That is the true message of Christianity. A gift that is not ours to hold onto to solidify party lines or denominational differences or borders, or even to close ourselves off to that which frightens us.

A gift that is only useful when we engage with the world. Not because we want to save it, but because we are it.

So you’re safe. The devil won’t get you.

Until the Love Wins movie comes out that is.

Why Christians should embrace Horror movies.

For as long as I can remember I’ve been a fan of Horror movies.

I’m not sure where it originates from but I do remember seeing the trailer for Psycho 2 when I was 8 or 9 and being immediately intrigued and scared.

I remember coming out of the movie theater around the same age and seeing a poster for one of the Childs Play Movies.

I remember my friend Stephen’s friend Daniel, who told me both his parents gave him 5 quid for pocket money each week carrying a Freddie poster around to my house for some strange reason.

Or going shopping in Stewarts with my gran on Friday mornings during the Summer Holidays and exploring all the video covers while she paid for her groceries. Picking up titles like Maniac Cop and Phantasm, seduced by their covers and intently reading their descriptions knowing there was not a chance in Hell my mum would let me watch them.

I remember the most scared I had been as a kid watching Ghostwatch on BBC 1 one Halloween night; the 11 year old me convinced by familiar Children’s TV personality Sarah Greene, that I was watching something real and live.

I remember all of this and more and I loved how it felt.

I also remember as long as I’ve been remembering things, going to Church.

It was just a part of our lives that was always there and I’m so grateful my mum instilled this openness to God and Jesus in our lives. I know that at times it felt like the biggest pain but as I’ve grown up and explored what my Christian faith looks like and how it has transformed, I know that it was because of this foundation that was set for me.

Perhaps because both Church and Horror have seemingly been a major part of my life since I was a kid; I’ve never seen either as being incompatible.

Reading through the Bible it is very apparent that darkness and evil are everywhere. Even stories that as kids we sang songs about like Noah and the Ark, are inherently Horrific tales.

If the traditional Evangelical Hellraiser-esque depictions of Hell aren’t the very essence of horror, I’m not sure what is.

Even as I’ve grown up and explored more mystic versions of Christianity and embraced practices such as meditation, people have warned me about letting something demonic in.

So fear is deeply rooted in much of today’s Christianity. We’re afraid of Hell, demons and we’re afraid of what (and who) we don’t understand. We’re afraid of what will happen if the Democrats or Republicans get into power. We’re afraid that if we accept God’s grace too much, we will abuse it. We’re afraid that our theology is a little too dangerous.

Fear is far more common than we think.

So there is no better genre to help us as Christians explore our faith honestly and openly than Horror.

It’s not just movies like the Exorcist or the Omen which have explored the relationship between good and evil, God and the Devil, but more recent movies have explored issues that everyone struggles to deal with. thewitch_feature

Movies like It Follows delve into the struggles between sex and growing up or the Australian Horror, The Babadook which explores what happens when we don’t express our grief and pain in a real way. Or my favorite movie of the last couple of years, The Witch. A movie that has much to speak into  how Fundamentalism, the dangers of arrogance in belief, and how life without a community to explore our faith, can result in bad things happening.

Or if that is too much for you, how goats don’t make suitable pets.

These are intelligent movies that don’t rely on cheap scares to simply entertain but rather are clever and stylish pieces of art that help us find something bigger than ourselves in their portrayals of issues that Christians have struggled to grapple with.

Movie makers like Scott Derrickson, a Christian, have used Horror to explore the dark recesses of our minds in movies like “The Exorcism of Emily Rose”, “Sinister” and “Hellraiser: Inferno”.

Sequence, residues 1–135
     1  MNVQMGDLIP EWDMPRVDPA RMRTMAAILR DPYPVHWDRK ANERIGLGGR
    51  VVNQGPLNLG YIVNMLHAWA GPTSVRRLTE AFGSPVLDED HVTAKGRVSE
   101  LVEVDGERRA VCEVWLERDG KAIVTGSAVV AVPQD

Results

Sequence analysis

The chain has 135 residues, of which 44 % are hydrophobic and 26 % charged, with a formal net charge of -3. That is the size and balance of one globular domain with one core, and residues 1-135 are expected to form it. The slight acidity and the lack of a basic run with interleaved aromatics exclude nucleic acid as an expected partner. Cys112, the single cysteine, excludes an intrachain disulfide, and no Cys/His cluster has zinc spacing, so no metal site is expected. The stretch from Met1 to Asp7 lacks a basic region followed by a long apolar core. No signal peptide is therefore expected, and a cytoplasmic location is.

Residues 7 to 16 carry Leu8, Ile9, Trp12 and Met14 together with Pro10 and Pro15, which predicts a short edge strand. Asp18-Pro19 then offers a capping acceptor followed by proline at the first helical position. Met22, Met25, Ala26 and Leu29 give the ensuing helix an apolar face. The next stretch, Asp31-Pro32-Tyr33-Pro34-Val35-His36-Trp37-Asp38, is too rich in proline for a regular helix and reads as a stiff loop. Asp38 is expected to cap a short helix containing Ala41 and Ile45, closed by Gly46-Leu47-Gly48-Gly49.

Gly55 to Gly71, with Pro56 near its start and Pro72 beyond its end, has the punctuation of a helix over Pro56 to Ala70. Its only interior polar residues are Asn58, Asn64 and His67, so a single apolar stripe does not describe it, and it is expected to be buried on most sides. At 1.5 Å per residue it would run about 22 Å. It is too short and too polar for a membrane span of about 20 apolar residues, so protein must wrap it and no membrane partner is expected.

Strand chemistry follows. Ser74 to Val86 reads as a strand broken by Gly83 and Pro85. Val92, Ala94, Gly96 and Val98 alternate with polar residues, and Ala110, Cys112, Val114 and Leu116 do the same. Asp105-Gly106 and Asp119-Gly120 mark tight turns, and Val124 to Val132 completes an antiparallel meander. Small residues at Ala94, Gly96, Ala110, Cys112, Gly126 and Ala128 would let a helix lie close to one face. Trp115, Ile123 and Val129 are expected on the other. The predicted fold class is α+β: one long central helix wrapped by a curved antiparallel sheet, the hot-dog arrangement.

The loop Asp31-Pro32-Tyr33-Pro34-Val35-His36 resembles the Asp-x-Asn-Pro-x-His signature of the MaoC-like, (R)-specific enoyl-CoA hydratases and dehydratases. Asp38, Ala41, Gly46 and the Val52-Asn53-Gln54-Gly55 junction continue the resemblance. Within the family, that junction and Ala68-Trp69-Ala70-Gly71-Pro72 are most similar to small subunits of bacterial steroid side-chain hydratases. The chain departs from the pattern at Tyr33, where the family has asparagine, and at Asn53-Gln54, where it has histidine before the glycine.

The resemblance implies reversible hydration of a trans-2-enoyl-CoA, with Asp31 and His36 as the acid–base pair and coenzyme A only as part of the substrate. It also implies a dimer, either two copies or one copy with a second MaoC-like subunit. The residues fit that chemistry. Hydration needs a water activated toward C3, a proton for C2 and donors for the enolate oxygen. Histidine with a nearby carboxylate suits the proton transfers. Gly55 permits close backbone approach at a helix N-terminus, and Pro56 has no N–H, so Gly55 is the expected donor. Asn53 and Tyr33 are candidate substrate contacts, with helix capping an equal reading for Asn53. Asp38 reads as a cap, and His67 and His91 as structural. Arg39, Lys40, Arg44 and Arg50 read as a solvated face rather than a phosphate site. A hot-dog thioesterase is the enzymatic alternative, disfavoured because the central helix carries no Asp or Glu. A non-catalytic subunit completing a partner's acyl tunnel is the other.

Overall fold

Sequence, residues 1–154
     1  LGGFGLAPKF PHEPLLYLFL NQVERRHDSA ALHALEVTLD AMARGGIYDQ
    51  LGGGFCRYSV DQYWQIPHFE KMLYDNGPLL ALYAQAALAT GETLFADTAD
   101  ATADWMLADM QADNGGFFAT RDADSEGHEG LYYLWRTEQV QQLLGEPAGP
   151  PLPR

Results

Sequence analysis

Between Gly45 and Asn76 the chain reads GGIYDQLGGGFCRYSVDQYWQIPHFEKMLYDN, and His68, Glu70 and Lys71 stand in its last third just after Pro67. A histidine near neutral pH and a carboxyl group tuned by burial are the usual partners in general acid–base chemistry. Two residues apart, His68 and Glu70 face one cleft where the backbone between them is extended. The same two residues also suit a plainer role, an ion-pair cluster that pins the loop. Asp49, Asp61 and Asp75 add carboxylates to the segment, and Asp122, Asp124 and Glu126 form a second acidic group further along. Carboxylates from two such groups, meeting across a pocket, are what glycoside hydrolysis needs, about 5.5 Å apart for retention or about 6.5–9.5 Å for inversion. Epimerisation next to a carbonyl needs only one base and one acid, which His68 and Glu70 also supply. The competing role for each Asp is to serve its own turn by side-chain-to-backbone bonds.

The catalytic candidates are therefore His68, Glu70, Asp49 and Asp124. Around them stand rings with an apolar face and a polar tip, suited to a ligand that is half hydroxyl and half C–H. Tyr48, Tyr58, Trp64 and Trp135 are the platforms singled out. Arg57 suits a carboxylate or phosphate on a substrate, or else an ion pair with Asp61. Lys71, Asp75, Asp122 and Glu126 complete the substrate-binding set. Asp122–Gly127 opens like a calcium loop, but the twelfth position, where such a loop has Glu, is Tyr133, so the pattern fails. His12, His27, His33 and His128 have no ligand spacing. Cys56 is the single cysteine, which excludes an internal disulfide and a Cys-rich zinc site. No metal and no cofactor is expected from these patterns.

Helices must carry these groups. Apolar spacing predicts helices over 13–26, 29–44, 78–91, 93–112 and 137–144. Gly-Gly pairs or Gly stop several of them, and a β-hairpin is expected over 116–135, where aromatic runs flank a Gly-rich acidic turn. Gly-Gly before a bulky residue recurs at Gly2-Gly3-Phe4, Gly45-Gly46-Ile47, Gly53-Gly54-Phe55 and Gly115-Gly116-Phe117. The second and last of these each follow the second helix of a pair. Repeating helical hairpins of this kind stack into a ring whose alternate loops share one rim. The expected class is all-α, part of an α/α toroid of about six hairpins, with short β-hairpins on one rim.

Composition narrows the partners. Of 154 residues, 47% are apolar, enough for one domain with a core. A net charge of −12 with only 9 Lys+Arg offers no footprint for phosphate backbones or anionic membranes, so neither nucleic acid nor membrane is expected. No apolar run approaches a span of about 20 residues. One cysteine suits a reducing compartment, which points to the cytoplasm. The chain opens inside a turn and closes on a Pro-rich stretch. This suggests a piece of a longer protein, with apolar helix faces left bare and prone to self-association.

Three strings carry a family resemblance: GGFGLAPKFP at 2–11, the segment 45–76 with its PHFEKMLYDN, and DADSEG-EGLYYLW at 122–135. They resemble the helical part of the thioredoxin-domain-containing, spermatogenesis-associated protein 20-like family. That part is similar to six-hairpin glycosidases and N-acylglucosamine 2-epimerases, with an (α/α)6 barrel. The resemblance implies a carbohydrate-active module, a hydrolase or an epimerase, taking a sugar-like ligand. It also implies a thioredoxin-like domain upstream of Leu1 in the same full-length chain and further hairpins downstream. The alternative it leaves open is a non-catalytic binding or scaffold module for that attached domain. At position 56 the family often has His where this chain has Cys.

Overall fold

So why do Christians have such a hard time embracing the horror genre?

I think one reason is that good horror is honest. It doesn’t pretend that everything is alright and it doesn’t just give us easy answers to life’s deepest questions. Derrickson himself put it astutely when he said,

“Christ, in His moment on the cross where He endured the ultimate horror, gives us God’s mindset. He is not detached from suffering.”

Somehow though, we’ve become detached from suffering and don’t know how to face up to our fears, doubts and questions. We gloss over them until they are unrecognizable; but they still exist, controlling us without us even noticing.

Our greatest fear maybe, is that if we go too far down the rabbit hole of where our pain resides we’ll never come back. Carl Jung the Philosopher and all round smart guy talks about the Shadow. The Shadow is the part of us whose existence we don’t like to acknowledge but in which resides healing and ultimately the light. Turning towards our Shadow as described by Phil Stutz and Barry Michels in their great book “The Tools” ultimately allows us to reconnect with our pain and suffering, bringing us back into the light.

If we can embrace that evil is real, not to justify it, but to heal it, we’ll find new types of freedom.

This is why Horror is so crucial to Christians. It gives us permission to face our fears.

We talk a lot about unconditional love in Christian circles but we don’t really believe it. It sounds nice and it gives us a get out of Hell free ticket but day to day we work tirelessly to suppress everything about ourselves that we feel people will reject. Ultimately, what we reject in others is what we’re too afraid to see in ourselves.

I used to be a small groups Pastor, helping men addicted to porn find healing. Most of the time the healing required was not some comforting words but using the light to go deep into their doubts and fears. One guy, experienced a deep transformation but it was painful and it was horrific at times. But he embraced his pain and by facing his Shadow, he was healed.

Others were so afraid of their beliefs crumbling before them that they would rather have continued as an addict than finding beliefs that actually worked.

What causes us to stay in these places? What makes someone desire the prison they are in more than having their beliefs challenged?

I believe it is fear. Fear of death. But if we’re not free, we’re already dead.

Darkness is essentially the absence of light. The existence of darkness is wholly dependent on the light. It bows down to the light. But for the light to have any authority we need to acknowledge that there is darkness.

A healthy spirituality and faith is one that points to something bigger than itself. Good horror too, isn’t about the imagery or the story so much as what it says about our deepest fears and where the light can shine in.

Horror and faith it seems then, have more in common than we would like to admit.